Recently Judith Curry published a series of articles on the topic of blackouts. Since attempting to prevent such things is my “professional” speciality I’ve spent a bit of time over at “Climate Etc.” recently. Hence I couldn’t help but notice Judith’s article on Tim Palmer‘s new book, entitled “The Primacy of Doubt”. According to Judith:
This book is a physics-intellectual feast. Must read.
Hence I immediately rushed online and bought a copy from amazon.co.uk, which arrived today. A more detailed overview will follow once I’ve had a chance to read the whole book, but leafing through it this evening I couldn’t help but notice this quotation from Richard Feynman at the very start:
Our freedom to doubt was born of a struggle against authority in the early days of science. It was a very deep and strong struggle. Permit us to question — to doubt, that’s all — not to be sure.
My gaze also alighted on the final paragraph of chapter 10 – “Decisions! Decisions!”:
Just as with weather prediction, a cost-loss analysis can help you make a decision about whether to take anticipatory action regarding climate change…
Based on the way we value our own existence in other areas of life, there does indeed seem to be a strong argument that we should act now, uncertainties about future climate change notwithstanding.
But this is ultimately a decision which each of us must make, e.g. in deciding which politicians to vote for.
Of course being a citizen of the once Great British banana republic I don’t get to vote on our next Prime Minister!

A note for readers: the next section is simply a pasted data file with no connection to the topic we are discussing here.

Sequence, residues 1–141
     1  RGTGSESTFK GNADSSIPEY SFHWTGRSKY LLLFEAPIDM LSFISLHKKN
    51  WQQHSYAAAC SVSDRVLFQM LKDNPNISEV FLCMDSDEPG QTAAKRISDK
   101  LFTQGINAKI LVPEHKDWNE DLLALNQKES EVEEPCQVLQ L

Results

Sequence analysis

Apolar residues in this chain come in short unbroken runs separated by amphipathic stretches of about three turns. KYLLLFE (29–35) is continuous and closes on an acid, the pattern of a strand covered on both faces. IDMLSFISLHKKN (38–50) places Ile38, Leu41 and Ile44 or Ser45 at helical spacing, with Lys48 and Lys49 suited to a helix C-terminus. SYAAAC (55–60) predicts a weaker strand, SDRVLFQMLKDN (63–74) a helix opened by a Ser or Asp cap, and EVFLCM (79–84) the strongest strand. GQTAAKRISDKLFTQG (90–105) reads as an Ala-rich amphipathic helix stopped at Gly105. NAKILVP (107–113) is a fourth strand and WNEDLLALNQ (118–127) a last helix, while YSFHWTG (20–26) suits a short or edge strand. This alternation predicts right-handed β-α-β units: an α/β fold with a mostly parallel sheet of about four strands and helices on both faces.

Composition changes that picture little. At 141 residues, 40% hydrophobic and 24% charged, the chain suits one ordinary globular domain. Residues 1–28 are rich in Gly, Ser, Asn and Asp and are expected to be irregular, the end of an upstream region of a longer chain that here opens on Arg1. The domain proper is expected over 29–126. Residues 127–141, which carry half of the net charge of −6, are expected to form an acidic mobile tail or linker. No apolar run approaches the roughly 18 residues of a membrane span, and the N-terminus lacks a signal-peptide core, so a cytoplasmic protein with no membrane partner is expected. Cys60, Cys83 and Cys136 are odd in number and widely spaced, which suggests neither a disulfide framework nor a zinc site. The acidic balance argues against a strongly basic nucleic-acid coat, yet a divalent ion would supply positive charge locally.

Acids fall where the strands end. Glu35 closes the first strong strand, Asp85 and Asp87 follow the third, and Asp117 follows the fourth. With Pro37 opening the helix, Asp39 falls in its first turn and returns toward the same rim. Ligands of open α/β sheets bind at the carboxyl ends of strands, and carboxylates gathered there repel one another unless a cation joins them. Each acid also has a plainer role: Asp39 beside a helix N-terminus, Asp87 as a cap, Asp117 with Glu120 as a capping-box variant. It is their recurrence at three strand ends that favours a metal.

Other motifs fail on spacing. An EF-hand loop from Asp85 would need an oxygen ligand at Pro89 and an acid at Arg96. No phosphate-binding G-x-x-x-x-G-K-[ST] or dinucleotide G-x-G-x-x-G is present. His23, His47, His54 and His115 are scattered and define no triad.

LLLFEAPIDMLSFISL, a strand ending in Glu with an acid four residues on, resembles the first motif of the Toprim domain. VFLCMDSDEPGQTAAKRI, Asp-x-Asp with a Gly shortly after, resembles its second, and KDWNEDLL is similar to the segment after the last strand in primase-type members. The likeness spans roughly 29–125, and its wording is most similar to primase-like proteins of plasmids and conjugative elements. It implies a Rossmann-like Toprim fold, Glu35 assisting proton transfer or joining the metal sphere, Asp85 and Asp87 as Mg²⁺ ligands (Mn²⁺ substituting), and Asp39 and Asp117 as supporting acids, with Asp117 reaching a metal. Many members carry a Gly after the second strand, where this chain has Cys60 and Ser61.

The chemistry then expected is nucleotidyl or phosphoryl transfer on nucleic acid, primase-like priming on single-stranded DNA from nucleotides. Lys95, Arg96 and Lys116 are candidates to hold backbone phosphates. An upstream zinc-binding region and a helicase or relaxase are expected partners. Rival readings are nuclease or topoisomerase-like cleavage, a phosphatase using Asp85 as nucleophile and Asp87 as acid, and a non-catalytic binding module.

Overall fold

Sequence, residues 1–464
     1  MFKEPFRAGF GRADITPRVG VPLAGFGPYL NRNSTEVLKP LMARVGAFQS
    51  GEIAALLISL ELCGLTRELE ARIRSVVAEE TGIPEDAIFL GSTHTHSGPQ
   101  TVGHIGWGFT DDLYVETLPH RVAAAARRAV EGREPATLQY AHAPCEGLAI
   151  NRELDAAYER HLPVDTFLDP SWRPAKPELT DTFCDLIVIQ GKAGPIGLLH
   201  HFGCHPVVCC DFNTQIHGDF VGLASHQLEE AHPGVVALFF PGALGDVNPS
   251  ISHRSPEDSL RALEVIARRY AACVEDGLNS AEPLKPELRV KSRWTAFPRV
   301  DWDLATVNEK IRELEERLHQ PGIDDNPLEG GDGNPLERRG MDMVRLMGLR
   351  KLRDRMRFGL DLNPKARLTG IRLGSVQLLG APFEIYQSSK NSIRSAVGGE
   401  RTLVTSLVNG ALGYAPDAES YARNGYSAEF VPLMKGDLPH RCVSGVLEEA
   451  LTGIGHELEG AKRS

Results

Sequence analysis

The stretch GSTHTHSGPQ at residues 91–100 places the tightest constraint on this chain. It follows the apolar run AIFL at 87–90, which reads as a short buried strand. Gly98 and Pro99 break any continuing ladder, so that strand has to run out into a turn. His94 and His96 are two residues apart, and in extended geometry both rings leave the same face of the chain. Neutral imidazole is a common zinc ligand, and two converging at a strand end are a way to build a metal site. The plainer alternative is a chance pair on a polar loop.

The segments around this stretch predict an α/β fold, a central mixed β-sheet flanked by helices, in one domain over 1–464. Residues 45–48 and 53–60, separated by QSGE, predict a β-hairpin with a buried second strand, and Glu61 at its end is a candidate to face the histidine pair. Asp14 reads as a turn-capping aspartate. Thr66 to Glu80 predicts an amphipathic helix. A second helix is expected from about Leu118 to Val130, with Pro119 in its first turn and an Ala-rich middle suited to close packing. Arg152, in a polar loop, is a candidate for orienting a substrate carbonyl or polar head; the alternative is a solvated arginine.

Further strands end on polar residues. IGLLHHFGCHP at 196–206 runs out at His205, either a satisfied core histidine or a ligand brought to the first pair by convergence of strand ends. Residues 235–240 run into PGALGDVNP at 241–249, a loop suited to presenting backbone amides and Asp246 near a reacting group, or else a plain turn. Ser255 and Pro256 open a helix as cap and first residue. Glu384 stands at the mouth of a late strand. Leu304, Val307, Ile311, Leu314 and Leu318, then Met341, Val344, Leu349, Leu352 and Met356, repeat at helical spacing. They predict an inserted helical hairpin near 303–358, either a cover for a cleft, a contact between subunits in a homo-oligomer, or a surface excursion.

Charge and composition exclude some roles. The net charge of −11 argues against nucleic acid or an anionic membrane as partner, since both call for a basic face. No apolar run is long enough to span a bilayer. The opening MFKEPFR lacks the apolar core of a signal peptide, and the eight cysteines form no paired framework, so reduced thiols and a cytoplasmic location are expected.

I think I’ll go and pass this news on to Judith and her denizens forthwith. Meanwhile here’s a quotation from the back cover. According to Suki Manabe, winner of the 2021 Nobel Prize in Physics:
[Edit – October 22nd]
The Primacy of Doubt is an important book by one of the pioneers of dynamical weather prediction, indispensable for daily life, describing how the approach can be used for prediction in other areas, such as climate, health, economy, and conflict.
I’m still rather busy trying to help keep the UK’s lights on, so I have yet to even begin reading “The Primacy of Doubt” from cover to cover. However here is another brief extract, from the chapter on “Climate Change”:
[Edit – October 25th]
We understand these [water vapour, albedo] feedback processes reasonably well. However, there is another feedback process associated with water that we understand rather poorly. This is the cloud feedback process.
Here’s another extract from chapter 6 (page 115):
The question of whether clouds act as a positive or negative feedback on climate change can’t at present be answered unambiguously: indeed, I would say it is the biggest unsolved problem in physical climate-change science.
Watch this space!